The Sunshine State’s School Spending Data Could Use More Sunshine

Financial transparency is essential for sound decision‐​making.
September 4, 2013 • Commentary
This article appeared on redefinED on September 4, 2013.

Florida earns high marks for its innovative education reforms and strong academic performance, but its level of financial transparency leaves much to be desired. In a new report from the Cato Institute on financial transparency, the Florida Department of Education earned a D for the data published on its website.

The report, “Cracking the Books: How Well Do State Education Departments Report Public School Spending?”, examines the spending data that all 50 state education departments make available to the public on their websites. The report reveals that very few state education departments provide complete and timely financial data that is understandable to the general public.

As in school, these grades are intended to be informative, not punitive. Since Florida has a record of striving to improve, here are a few ways the FLDOE could be more transparent with its data:

1) Report total per pupil expenditures, not just operating Half of all state education departments publish total per pupil expenditure (PPE) figures but Florida does not. At present, the FLDOE’s “Financial Profiles of Florida Districts” only includes “current expenditures per UFTE (unweighted full‐​time equivalent),” which excludes expenditures for capital projects and debt service. While these expenditures are reported separately, citizens looking for the total cost per pupil would have to break out a calculator.

The differences between total and operating PPE can be quite significant. According to the most recent data from the National Center for Education Statistics (2009–10), Florida’s total PPE was $10,283 on average that year while Florida’s Financial Profiles reported that operating PPE was only $8,578.

Moreover, citizens looking for the change in PPE over time would have to gather the data from multiple reports since the FLDOE does not provide a single chart or table displaying that data. By contrast, the FLDOE does provide a table showing the change in average employee salaries over time.

2) Break down total salary data and publish average employee benefits.

Florida publishes the total salaries of all employees combined, but it would be more useful to know the total amount of salaries by function (e.g. – teachers, administrators, etc.). That would help citizens better understand and monitor how resources are being allocated. Florida publishes average salaries by function in a separate report, but does not publish average employee benefits. The FLDOE could learn from state education departments in Utah and Washington, which set the bar for publishing employee benefits.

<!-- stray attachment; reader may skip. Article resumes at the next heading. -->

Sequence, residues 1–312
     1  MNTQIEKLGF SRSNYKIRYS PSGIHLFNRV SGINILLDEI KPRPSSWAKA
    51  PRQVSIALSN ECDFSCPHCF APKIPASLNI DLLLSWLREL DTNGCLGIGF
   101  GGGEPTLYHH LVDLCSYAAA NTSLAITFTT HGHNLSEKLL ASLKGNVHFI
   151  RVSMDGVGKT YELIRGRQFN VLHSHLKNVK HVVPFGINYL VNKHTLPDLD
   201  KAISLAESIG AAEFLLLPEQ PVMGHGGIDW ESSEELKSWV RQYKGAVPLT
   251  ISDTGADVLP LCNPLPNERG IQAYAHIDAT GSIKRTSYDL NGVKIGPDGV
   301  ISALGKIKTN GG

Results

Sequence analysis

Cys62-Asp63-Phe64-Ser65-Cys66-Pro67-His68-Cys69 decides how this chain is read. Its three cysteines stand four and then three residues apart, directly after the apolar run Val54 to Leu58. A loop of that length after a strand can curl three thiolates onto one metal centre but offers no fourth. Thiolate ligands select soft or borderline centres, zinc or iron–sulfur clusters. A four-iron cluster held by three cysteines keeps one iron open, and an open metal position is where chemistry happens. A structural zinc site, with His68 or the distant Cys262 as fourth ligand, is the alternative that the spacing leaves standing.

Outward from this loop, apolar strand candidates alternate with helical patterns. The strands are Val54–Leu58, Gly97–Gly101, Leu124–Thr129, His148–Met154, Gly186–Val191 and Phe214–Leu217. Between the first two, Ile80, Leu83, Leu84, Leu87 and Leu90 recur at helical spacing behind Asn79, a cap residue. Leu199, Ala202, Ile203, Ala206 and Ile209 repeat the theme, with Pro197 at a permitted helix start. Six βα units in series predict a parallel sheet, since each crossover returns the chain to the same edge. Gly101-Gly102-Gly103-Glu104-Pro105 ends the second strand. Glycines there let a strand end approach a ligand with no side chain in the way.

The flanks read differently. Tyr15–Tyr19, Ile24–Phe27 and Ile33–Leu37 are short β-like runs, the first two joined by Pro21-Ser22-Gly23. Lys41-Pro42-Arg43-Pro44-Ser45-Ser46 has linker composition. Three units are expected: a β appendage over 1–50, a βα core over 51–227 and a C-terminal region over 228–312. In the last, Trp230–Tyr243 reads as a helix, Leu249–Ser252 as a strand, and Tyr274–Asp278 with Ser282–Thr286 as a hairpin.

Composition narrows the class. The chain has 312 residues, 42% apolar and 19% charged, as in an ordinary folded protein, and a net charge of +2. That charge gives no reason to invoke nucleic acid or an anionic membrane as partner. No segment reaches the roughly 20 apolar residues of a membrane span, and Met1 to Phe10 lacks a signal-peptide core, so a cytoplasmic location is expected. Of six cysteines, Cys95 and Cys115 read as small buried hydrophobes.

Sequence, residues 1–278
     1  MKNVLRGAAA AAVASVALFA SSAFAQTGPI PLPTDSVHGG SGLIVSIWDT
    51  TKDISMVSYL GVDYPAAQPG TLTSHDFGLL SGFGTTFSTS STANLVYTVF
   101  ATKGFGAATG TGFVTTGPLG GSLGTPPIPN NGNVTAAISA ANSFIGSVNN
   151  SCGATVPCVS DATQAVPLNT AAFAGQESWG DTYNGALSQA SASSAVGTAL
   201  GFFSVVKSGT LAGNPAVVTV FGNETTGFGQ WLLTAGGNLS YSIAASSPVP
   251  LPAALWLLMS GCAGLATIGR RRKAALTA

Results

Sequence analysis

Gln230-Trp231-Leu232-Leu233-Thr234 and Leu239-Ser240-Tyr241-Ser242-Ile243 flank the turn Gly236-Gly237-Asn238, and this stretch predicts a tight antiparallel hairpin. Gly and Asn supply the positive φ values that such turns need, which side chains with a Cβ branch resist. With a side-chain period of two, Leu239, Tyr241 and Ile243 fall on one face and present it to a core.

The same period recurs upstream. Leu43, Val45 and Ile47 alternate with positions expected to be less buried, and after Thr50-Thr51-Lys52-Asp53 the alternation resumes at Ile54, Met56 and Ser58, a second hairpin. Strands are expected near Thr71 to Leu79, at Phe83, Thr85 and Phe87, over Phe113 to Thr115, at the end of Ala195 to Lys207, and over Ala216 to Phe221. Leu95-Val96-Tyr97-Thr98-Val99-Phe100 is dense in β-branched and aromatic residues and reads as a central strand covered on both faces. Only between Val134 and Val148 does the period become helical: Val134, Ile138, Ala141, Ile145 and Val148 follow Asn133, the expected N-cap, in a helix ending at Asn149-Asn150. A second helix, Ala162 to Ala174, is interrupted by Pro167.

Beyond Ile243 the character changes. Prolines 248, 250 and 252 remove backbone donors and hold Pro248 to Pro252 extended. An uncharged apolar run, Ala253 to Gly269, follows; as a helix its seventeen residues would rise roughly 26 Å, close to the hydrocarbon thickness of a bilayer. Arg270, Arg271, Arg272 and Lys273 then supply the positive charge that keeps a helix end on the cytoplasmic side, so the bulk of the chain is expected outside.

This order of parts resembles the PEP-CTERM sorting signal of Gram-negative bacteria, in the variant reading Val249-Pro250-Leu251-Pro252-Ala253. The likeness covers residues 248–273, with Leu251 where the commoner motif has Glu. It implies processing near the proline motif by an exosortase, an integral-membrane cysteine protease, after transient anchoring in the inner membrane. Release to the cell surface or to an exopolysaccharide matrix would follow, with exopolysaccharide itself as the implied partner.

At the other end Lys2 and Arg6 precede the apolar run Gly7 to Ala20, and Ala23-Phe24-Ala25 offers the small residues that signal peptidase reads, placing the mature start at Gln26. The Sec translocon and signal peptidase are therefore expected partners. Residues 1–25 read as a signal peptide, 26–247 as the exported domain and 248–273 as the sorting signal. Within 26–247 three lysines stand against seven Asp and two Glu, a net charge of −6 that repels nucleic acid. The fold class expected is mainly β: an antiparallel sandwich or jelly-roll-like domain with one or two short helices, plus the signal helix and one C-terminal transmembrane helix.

3) Publish more timely data. Thirteen states publish up‐​to‐​date public school spending data but Florida is not one of them. As of the end of the last calendar year, the FLDOE’s most recently published spending data was for the 2010-11 school year. (At present, the FLDOE’s data includes data for 2011-12 but not 2012–13.)

4) Make Excel spreadsheets available on the FLDOE website. Data provided in Excel spreadsheets are considerably easier for citizens to analyze than data in PDF or HTML. Currently, Florida provides some data in Excel format (e.g. – average salary data), but not other spending data. In a response to media coverage of the “Cracking the Books” report, a spokesperson for the FLDOE stated the department makes Excel spreadsheets available on request and “can certainly add those to the website.” That would certainly be an improvement.

Financial transparency is essential for sound decision‐​making. To fully understand public school spending, citizens require complete and timely data in an easy‐​to‐​analyze format.

Awareness about public school spending has implications for the public discourse over public education. A Harvard University survey shows the public vastly underestimates how much public schools cost, which affects the public’s spending preferences. When citizens are informed about the true cost of public education, they are significantly less likely to support increasing spending.

Likewise, the widespread misperception that private schools cost more per pupil than public schools likely affects the public’s support for school choice programs. A greater awareness that school choice programs can save money would likely translate into greater public support for school choice. Indeed, Florida policymakers have wisely sought to demonstrate exactly that. The Florida Legislature’s nonpartisan Office of Program Policy Analysis and Government Accountability (OPPAGA) estimated Florida taxpayers save $1.44 for every dollar of revenue reduced by the state’s scholarship tax credit program.

Financial transparency is important in a democracy for its own sake. But school choice advocates should be particularly concerned about ensuring the public is fully informed regarding the cost of public education.

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